Tensions rise in Turkish politics amid opposition election strategy maneuvers

Tensions rise in Turkish politics amid opposition election strategy maneuvers

ANKARA
Tensions rise in Turkish politics amid opposition election strategy maneuvers

National Sovereignty Day celebrations were marked by political tension between the ruling Justice and Development Party (AKP) and the main opposition Republican People’s Party (CHP) on April 23, as the latter bids to find a strategy against the AKP and the Nationalist Movement Party (MHP) alliance in the upcoming snap election.

The special Grand National Assembly Meeting National Sovereignty and Children’s Day session witnessed an angry exchange of words between AKP and CHP lawmakers, particularly after CHP leader Kemal Kılıçdaroğlu gave a speech describing the ongoing state of emergency as a “civil coup.”

Kılıçdaroğlu criticized the AKP for undermining the legislative authority of parliament, saying the ruling party staged a “civil coup” on July 20, 2016 by issuing the state of emergency.

AKP Deputy Group Chair Mustafa Elitaş then accused Kılıçdaroğlu of “not being able to show resistance” during the July 2016 coup attempt.

“His bitterness over losing his lawmakers has been reflected here,” Elitaş added, referring to the resignation of 15 CHP lawmakers who joined the İYİ Party on April 22 to secure the latter’s participation in upcoming snap elections.

CHP Deputy Group Chair Özgür Özel responded to Elitaş by stating that it was Prime Minister Binali Yıldırım who was “hiding,” claiming that Yıldırım had “spent the night [of July 15] in the Ilgaz Tunnel.”

A visibly angry Yıldırım blasted Özel, saying “it was the prime minister who was instructing the planes to hit the [pro-coup] scoundrels.”

President Recep Tayyip Erdoğan reportedly left the assembly meeting as the argument continued, describing events as “disgraceful.”

CHP leader meets SP leader

Meanwhile, because political parties are obliged to reveal protocols regarding their pre-election alliances and lists within a week of the announcement of the electoral schedule - which is expected to be announced this week - the opposition parties are expected to determine their alliances and candidates in the coming week.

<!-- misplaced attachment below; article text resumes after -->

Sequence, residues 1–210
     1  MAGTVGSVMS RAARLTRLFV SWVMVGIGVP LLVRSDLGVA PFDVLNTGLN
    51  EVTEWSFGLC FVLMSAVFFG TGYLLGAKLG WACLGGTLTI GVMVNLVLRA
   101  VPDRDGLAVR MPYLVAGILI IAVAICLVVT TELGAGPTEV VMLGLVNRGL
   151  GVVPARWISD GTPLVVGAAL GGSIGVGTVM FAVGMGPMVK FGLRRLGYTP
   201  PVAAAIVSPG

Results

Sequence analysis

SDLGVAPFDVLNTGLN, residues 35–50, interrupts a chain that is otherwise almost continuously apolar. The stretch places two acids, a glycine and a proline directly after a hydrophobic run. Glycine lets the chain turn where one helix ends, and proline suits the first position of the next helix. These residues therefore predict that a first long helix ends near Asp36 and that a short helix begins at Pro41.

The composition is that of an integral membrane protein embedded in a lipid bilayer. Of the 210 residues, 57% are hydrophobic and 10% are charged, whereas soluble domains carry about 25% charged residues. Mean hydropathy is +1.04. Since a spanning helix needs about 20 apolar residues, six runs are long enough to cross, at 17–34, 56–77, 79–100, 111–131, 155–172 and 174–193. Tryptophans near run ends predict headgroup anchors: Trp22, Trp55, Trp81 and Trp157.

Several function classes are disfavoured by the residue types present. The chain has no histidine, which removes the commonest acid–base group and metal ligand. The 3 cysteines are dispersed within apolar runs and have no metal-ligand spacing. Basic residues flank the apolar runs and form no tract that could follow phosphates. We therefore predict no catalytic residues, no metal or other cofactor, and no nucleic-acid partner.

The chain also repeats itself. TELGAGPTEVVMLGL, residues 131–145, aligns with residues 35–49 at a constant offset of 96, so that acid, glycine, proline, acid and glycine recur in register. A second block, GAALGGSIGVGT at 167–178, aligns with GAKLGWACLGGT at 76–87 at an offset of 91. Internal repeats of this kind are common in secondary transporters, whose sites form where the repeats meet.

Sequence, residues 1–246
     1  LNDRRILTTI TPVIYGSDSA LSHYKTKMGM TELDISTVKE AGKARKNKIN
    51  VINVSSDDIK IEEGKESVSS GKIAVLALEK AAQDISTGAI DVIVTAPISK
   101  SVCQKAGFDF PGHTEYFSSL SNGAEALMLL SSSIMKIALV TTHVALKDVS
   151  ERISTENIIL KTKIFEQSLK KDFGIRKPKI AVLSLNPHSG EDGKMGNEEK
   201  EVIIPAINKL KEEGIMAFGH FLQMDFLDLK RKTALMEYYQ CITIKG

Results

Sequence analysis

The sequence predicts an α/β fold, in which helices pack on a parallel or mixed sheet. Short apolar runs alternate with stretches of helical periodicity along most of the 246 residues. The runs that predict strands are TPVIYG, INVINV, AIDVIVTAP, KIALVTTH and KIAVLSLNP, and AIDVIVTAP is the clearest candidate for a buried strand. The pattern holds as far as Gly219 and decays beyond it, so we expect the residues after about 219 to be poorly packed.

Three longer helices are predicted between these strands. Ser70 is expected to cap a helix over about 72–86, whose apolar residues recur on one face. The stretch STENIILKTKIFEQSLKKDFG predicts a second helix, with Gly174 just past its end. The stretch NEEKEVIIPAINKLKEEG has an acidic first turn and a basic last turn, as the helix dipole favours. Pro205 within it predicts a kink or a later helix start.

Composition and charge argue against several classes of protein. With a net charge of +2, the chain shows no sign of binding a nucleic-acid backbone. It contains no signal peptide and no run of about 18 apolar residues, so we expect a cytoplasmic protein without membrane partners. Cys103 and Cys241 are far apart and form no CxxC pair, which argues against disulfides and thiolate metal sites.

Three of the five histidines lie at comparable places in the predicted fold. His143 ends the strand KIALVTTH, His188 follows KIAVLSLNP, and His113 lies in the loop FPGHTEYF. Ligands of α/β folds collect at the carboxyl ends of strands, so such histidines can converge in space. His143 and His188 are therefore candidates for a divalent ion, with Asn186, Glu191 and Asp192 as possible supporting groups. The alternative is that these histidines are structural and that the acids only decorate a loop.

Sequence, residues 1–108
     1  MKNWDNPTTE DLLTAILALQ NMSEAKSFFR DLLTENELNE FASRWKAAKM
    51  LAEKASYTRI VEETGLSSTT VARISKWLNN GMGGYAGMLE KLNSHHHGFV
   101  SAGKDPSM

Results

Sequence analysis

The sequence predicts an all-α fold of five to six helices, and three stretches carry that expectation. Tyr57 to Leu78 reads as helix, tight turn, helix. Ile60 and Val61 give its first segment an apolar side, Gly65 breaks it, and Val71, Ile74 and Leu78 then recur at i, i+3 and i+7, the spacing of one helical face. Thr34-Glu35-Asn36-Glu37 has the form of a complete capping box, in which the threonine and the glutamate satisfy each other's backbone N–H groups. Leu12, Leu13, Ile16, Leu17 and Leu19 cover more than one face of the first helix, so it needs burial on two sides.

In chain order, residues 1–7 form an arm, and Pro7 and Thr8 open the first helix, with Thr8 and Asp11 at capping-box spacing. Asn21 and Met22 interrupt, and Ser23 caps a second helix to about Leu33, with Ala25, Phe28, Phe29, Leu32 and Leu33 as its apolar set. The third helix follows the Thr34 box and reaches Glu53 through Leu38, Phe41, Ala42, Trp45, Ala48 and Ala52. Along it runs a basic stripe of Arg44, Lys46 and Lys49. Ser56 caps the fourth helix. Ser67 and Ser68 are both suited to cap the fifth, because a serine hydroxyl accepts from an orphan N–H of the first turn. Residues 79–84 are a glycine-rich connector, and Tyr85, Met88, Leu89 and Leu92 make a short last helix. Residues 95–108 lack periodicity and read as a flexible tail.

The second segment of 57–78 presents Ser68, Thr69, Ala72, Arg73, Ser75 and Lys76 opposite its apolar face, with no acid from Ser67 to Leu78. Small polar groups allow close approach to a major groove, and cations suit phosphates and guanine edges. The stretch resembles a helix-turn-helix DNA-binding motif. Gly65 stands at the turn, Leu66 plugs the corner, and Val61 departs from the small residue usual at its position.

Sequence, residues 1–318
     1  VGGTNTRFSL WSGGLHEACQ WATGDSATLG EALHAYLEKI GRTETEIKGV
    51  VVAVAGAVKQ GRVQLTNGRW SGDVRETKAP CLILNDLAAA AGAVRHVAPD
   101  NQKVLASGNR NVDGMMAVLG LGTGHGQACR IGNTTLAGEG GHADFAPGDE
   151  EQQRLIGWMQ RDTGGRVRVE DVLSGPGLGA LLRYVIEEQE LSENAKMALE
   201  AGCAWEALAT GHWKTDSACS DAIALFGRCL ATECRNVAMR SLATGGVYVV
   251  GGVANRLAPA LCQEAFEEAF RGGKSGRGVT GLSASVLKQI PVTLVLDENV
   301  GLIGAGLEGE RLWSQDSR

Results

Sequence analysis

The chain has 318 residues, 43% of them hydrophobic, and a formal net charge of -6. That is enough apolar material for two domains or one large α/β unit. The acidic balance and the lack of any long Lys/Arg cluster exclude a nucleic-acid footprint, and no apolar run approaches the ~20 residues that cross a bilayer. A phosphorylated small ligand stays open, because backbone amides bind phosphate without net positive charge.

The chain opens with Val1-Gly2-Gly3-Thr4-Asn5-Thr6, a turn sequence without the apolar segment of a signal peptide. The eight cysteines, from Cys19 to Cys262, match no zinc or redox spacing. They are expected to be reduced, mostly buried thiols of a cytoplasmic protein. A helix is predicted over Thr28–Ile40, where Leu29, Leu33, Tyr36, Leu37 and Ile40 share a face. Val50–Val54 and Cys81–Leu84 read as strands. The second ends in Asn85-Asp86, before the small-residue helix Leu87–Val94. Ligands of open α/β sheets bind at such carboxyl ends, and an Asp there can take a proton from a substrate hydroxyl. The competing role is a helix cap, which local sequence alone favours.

In this manner, the opposition has accelerated its talks on possible election strategies.

Following the meeting with İYİ Party leader Meral Akşener over the weekend, CHP leader Kılıçdaroğlu met Felicity Party (SP) leader Temel Karamollaoğlu on April 23.

Following the meeting, Kılıçdaroğlu said the CHP is “against the 10 percent electoral threshold” and values the SP’s “contribution to democracy.”

The CHP is reportedly in favor of every party presenting its own candidate for the first round of the presidential race, and aims to find a candidate who could be supported by all opposition segments in the second round to compete against Erdoğan.

Amid questions about whether Akşener will stand as a joint candidate of the two parties, Özel denied the rumors, saying the CHP will present its own candidate who will be determined at the party assembly on April 24.

SP set to hold meetings

Following the meeting with Kılıçdaroğlu, Karamollaoğlu said it was held “in a positive mood,” praising the CHP for its support to the İYİ Party.

Responding to a question of whether the opposition is considering nominating former President Abdullah Gül, among the AKP’s founding members but estranged from the party since his term as president ended in 2014, Karamollaoğlu was non-committal.

“The answer to those questions will be given this weekend,” he said

The SP also set to meet several other opposition parties, with Karamollaoğlu visiting the Free Cause Party (HÜDA-PAR) on April 23 and being scheduled to meet Akşener in Ankara on April 24, before visiting Gül in Istanbul.

Following the meeting HÜDA-PAR leader Zekeriya Yapıcıoğlu said his party is not in the list of political parties announced by the YSK and will appeal to the board for its participation in the June 24 election.

tension, rise, Parliament, Elections, Politics, Turkey